- Contribution of 18F-FDG PET/CT in a case-mix of fever of unknown origin and inflammation of unknown origin: a meta-analysis. [Journal Article]
- ARActa Radiol 2018 Sep 11; :284185118799512
- Background Fever of unknown origin (FUO) and inflammation of unknown origin (IUO) are challenging medical problems. Previous studies have shown that 18F-fluorodeoxyglucose positron emission tomograph...
Background Fever of unknown origin (FUO) and inflammation of unknown origin (IUO) are challenging medical problems. Previous studies have shown that 18F-fluorodeoxyglucose positron emission tomography/computed tomography (18F-FDG PET/CT) plays an important role in the diagnosis of FUO, but few studies have explored this diagnostic technique in relation to IUO. Purpose To systematically review and perform a meta-analysis of published data on the diagnostic performance of PET/CT in the diagnosis of FUO and IUO. Material and Methods A comprehensive literature search was performed in accordance with the Preferred Reporting Items for Systematic Review and Meta-analysis (PRISMA) guidelines published in March 2018. Meta-analysis of diagnostic performance was performed using STATA 12.0 software. Subgroup analysis was performed by stratification based on study design, number of patients, geographic area, and final diagnosis based on 18F-FDG PET/CT. Meta-regression analyses were performed to recognize heterogeneity. Results Our meta-analysis included 23 studies, comprising a total sample size of 1927 patients. The pooled diagnosis performance was calculated with a per-patient-based analysis: sensitivity = 0.84 (95% confidence interval [CI] = 0.79-0.89), specificity = 0.63 (95% CI = 0.49-0.75), positive likelihood ratio = 2.3 (95% CI = 1.5-3.4), negative likelihood ratio = 0.25 (95% CI = 0.16-0.38), diagnostic odds ratio = 9 (95% CI = 4.0-20), and AUC = 0.84 (95% CI = 0.81-0.87). Conclusion In patients with non-specific symptoms and signs, 18F-FDG PET/CT is very helpful for recognizing and excluding diseases, directing further diagnostic decisions, and avoiding unnecessary invasive examinations. We recommend that 18F-FDG PET/CT should be considered among the first-line diagnostic tools for patients with FUO and IUO.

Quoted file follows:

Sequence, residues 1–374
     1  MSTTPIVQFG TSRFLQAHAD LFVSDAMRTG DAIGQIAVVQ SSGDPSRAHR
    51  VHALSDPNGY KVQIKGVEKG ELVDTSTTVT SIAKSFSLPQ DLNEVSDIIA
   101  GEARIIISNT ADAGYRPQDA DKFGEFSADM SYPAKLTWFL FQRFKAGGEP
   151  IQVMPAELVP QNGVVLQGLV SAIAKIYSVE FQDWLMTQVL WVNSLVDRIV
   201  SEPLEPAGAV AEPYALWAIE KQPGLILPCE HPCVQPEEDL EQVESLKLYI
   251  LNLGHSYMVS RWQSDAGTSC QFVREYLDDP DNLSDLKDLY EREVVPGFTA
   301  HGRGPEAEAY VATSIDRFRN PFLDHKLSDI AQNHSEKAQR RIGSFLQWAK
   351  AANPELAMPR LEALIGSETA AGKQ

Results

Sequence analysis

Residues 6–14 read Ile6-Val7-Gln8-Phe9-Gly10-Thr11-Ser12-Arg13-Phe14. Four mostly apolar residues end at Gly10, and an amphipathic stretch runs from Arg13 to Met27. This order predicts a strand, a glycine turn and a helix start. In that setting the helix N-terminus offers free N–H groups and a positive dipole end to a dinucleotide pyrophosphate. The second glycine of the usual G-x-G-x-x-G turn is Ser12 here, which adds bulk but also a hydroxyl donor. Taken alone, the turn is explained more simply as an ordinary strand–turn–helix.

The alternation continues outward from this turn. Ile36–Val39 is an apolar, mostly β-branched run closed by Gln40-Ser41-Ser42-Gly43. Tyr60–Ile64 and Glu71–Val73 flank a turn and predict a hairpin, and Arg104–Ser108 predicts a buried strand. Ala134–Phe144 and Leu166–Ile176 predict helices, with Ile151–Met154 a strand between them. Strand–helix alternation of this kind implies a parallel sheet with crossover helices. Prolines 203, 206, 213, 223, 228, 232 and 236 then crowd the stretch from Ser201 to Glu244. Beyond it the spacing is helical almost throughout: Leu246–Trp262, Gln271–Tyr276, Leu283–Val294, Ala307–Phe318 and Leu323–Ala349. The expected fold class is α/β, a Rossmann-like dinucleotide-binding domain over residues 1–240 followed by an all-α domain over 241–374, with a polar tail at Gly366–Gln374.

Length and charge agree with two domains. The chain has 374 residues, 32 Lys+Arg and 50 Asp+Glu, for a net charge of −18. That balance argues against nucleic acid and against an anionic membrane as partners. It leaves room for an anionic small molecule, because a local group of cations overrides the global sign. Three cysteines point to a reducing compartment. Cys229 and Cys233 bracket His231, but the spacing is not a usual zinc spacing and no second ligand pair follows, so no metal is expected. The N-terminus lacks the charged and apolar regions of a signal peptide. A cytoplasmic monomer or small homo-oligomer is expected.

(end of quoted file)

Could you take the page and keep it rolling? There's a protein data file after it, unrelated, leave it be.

- Hemophagocytic lymphohistiocytosis (HLH) presenting as fever of unknown origin and acute liver failure. [Journal Article]
- IIDCases 2018; 14:e00413